Jack Cottrell is an Arminian writer and theologian. He writes from within the Stone-Campbell tradition. If you’d like to read an Arminian who believes in inerrancy and tries to be a Biblical theologian, I recommend his work (though, not all his conclusions!).
His Truth: Scriptural Truths About Basic Doctrines is Cottrell’s short (116 pages) summary of Christian doctrine. Due to its brief nature, Cottrell does not try to defend his conclusion exegetically. For that, you will have to read his other books. But I think it is a handy summary of Arminian doctrine.
The last chapter is on assurance. I plan to write a few blogs about it, explaining how Free Grace Theology would respond to Cottrell’s version of Arminianism. In this blog, I want to clarify a point of confusion that I see in Cottrell’s description of the doctrine of eternal security.
First, let me say that Cottrell rightly recognizes that,
“From a practical standpoint, this is the question…We need ‘blessed assurance,’ the assurance of salvation” (p. 109).
He’s right. Assurance is the question.
Cottrell begins the chapter by identifying “the two most popular erroneous concepts of assurance” (p. 110). He says the first erroneous concept is “once saved, always saved.”
Not a good start.
Here is how he describes the doctrine:
“The idea is that once one becomes a true believer, it is impossible for him to lose his faith (permanently, at least) and therefore impossible for him to lose his salvation…He need not worry about ever falling away from grace. God will preserve him in faith forever” (p. 110).
Did you notice his mistake? What is the condition of eternal security, according to Cottrell?
Actually, not just continuous faith. He says that, according to “once saved always saved,” that you are only secure so long as God keeps you believing forever.
Attentive readers will recognize that what Cottrell is describing is the Calvinistic doctrine of perseverance, not the Biblical doctrine of eternal security. He makes that association explicit:
“This view is an integral part of the total system of Calvinism. The ‘P’ in the T-U-L-I-P acrostic stands for ‘perseverance (preservation) of the saints’” (p. 110).
Here is my basic point: the Free Grace doctrine of eternal security is not the Calvinistic doctrine of the perseverance of the predestined.
Calvinism makes eternal security depend upon a whole scheme of election and predestination that denies human free will (p. 110) and requires a lifetime of continuous faith to be saved. Many of us in Free Grace Theology deny the Calvinistic approach to election. Instead, we believe the Bible teaches election is primarily to service and reward, not to eternal life (see here, here, here, and here).
By contrast, as we understand it, the Biblical doctrine of eternal security does not depend on a particular theory of election or predestination. Instead, it depends on a single, free act of faith in Jesus’ promise of eternal life.
This is what Jesus said:
“For God so loved the world that He gave His only begotten Son, that whoever believes in Him should not perish but have everlasting life” (John 3:16).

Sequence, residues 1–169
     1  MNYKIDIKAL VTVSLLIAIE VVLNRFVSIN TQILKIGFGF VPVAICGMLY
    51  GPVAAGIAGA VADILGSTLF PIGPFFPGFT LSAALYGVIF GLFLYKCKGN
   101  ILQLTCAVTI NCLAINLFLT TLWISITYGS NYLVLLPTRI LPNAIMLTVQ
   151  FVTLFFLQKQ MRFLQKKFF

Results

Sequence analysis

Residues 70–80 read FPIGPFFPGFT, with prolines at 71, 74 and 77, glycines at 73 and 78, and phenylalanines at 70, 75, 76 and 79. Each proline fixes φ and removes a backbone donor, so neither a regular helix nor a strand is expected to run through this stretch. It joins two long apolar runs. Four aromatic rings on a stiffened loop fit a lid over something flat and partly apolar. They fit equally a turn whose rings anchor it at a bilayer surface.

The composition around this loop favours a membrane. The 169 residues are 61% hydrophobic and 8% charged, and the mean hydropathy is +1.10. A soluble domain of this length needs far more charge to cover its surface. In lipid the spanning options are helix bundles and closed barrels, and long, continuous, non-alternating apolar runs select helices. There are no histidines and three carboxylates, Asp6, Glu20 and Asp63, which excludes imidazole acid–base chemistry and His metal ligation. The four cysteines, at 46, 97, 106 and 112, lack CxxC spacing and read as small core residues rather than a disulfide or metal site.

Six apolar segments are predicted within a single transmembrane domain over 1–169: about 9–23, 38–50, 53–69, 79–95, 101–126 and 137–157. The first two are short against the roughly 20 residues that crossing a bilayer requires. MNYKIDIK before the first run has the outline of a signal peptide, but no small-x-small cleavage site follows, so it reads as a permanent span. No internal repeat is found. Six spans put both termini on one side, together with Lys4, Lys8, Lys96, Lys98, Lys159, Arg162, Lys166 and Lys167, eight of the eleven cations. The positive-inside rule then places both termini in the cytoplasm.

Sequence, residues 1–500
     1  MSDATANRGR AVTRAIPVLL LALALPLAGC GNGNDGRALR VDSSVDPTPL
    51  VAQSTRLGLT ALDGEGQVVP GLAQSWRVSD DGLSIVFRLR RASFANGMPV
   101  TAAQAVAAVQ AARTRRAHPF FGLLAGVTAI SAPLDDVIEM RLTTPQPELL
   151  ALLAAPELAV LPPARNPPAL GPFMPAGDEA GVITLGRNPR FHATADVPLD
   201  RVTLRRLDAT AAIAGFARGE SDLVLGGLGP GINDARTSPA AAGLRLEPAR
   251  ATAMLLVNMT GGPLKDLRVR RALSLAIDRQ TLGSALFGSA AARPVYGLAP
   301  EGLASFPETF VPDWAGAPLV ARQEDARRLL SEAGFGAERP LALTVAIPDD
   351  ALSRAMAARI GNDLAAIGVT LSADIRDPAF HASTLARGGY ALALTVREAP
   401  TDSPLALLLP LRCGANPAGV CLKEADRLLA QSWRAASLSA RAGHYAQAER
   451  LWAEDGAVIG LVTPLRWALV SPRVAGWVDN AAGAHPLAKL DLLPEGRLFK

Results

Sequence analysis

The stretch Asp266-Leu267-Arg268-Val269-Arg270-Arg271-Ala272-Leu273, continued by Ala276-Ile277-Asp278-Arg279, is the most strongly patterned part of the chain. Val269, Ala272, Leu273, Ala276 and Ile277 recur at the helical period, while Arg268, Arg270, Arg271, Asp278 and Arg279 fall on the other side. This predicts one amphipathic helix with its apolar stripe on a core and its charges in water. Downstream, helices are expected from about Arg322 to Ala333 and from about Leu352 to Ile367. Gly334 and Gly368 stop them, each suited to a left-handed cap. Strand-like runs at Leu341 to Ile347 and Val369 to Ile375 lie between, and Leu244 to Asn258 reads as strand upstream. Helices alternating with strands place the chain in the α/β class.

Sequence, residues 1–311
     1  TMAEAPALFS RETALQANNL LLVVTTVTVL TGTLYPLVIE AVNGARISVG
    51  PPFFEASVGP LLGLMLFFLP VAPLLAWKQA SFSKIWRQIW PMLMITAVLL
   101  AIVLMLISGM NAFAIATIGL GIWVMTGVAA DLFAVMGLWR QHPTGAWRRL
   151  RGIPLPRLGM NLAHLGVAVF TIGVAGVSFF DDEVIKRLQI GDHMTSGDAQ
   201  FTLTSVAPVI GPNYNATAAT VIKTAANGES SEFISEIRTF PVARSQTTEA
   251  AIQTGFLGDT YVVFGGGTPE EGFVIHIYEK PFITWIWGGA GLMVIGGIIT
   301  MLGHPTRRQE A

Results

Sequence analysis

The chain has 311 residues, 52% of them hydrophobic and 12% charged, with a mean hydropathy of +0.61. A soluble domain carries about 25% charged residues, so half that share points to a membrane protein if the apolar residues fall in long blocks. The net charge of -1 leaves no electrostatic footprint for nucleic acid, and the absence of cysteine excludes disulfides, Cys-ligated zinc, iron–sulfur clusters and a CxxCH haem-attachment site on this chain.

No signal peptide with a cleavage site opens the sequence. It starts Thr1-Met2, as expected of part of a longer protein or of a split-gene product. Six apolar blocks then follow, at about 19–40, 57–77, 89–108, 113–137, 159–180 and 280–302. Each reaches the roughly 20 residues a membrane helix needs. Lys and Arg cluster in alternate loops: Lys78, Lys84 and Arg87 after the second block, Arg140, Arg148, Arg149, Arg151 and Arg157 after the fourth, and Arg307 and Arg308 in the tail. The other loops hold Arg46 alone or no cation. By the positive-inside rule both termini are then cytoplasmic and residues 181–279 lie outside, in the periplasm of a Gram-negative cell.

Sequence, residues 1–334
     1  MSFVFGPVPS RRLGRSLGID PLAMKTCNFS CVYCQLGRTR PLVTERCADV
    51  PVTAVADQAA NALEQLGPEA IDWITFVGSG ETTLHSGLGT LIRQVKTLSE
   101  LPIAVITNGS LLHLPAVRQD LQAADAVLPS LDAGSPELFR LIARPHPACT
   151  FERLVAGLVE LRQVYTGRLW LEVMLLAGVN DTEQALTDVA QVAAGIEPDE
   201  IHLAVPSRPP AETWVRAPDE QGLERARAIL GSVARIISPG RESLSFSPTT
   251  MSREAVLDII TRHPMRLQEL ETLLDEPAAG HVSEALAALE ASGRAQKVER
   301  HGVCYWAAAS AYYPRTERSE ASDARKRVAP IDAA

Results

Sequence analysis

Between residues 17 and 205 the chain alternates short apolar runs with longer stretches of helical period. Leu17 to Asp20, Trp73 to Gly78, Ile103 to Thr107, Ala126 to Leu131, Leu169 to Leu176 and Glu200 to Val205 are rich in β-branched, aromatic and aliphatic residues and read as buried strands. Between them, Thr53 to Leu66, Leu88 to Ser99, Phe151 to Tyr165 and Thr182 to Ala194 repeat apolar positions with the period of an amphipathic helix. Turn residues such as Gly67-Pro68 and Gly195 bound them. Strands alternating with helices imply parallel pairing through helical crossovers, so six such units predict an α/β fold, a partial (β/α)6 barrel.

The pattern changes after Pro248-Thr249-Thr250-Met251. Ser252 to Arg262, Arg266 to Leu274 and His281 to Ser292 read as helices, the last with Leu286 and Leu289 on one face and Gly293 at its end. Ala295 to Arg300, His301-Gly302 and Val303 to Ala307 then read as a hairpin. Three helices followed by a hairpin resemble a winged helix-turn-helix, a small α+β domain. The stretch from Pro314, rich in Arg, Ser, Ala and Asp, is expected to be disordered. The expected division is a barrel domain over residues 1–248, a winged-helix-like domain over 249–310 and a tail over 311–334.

“Most assuredly, I say to you, he who hears My word and believes in Him who sent Me has everlasting life, and shall not come into judgment, but has passed from death into life” (John 5:24).
“Most assuredly, I say to you, he who believes in Me has everlasting life” (John 6:47).
What is Jesus promising?
If you believe in Him, you have everlasting life.
That’s the fundamental basis of the Biblical doctrine of eternal security. That’s what Free Grace Theology holds.
This eternal security is promise based, not election-and-predestination based.
Do you see the difference between that doctrine, and the Calvinist doctrine of perseverance?
Jesus required a single act of faith to have everlasting life, not a lifetime of continuous faith (see here and here). The split second you are persuaded that Jesus gives believers eternal life, you have that life. It is a present possession, not a future, and uncertain, goal that comes at the end of a lifetime of believing.
And since it is everlasting life, you cannot lose it. If you could, it would not be everlasting, but temporary. The very nature of the life Jesus gives believers implies eternal security.
And if that’s not explicit enough, Jesus said, once you believe, you “shall not perish” (John 3:16), “will never thirst” (John 4:14), “shall not come under judgment” (John 5:24), “shall never hunger” (John 6:35), and “will never die” (John 11:26). If you could lose your salvation, you would perish, thirst, hunger, and die. But Jesus said that is impossible.
But what about believers who stop believing? Do they stop being eternally secure?
On the Free Grace view, a person can lose their faith and persist in unbelief until the end of their life, and still be eternally secure (see here).
That doesn’t mean there won’t be consequences for the apostate. They will lose their joy and assurance of salvation. They will come under divine discipline and temporal judgment. And they will lose their eternal rewards. But they will not lose their eternal salvation.